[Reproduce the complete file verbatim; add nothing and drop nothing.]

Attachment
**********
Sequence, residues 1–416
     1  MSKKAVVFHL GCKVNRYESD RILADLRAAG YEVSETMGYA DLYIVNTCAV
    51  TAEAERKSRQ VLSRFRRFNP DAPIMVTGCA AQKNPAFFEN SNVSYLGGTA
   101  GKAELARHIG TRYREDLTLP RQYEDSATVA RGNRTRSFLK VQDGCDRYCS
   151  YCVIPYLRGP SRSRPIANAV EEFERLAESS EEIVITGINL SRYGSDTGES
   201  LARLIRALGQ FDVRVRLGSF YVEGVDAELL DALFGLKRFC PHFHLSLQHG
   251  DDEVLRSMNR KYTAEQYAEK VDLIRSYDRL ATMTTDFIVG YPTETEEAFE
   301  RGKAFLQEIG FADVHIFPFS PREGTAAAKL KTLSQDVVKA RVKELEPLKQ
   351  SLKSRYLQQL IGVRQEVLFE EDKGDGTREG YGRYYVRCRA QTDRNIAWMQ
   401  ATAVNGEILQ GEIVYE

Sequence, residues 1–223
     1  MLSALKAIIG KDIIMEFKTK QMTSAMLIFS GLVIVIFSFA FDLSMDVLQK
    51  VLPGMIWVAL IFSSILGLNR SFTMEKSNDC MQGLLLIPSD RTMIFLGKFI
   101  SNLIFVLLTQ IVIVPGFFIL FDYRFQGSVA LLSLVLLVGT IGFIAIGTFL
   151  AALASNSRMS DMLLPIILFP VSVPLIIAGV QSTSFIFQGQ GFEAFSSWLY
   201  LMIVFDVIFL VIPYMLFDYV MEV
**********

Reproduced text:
Sequence, residues 1–416
     1  MSKKAVVFHL GCKVNRYESD RILADLRAAG YEVSETMGYA DLYIVNTCAV
    51  TAEAERKSRQ VLSRFRRFNP DAPIMVTGCA AQKNPAFFEN SNVSYLGGTA
   101  GKAELARHIG TRYREDLTLP RQYEDSATVA RGNRTRSFLK VQDGCDRYCS
   151  YCVIPYLRGP SRSRPIANAV EEFERLAESS EEIVITGINL SRYGSDTGES
   201  LARLIRALGQ FDVRVRLGSF YVEGVDAELL DALFGLKRFC PHFHLSLQHG
   251  DDEVLRSMNR KYTAEQYAEK VDLIRSYDRL ATMTTDFIVG YPTETEEAFE
   301  RGKAFLQEIG FADVHIFPFS PREGTAAAKL KTLSQDVVKA RVKELEPLKQ
   351  SLKSRYLQQL IGVRQEVLFE EDKGDGTREG YGRYYVRCRA QTDRNIAWMQ
   401  ATAVNGEILQ GEIVYE

Sequence, residues 1–223
     1  MLSALKAIIG KDIIMEFKTK QMTSAMLIFS GLVIVIFSFA FDLSMDVLQK
    51  VLPGMIWVAL IFSSILGLNR SFTMEKSNDC MQGLLLIPSD RTMIFLGKFI
   101  SNLIFVLLTQ IVIVPGFFIL FDYRFQGSVA LLSLVLLVGT IGFIAIGTFL
   151  AALASNSRMS DMLLPIILFP VSVPLIIAGV QSTSFIFQGQ GFEAFSSWLY
   201  LMIVFDVIFL VIPYMLFDYV MEV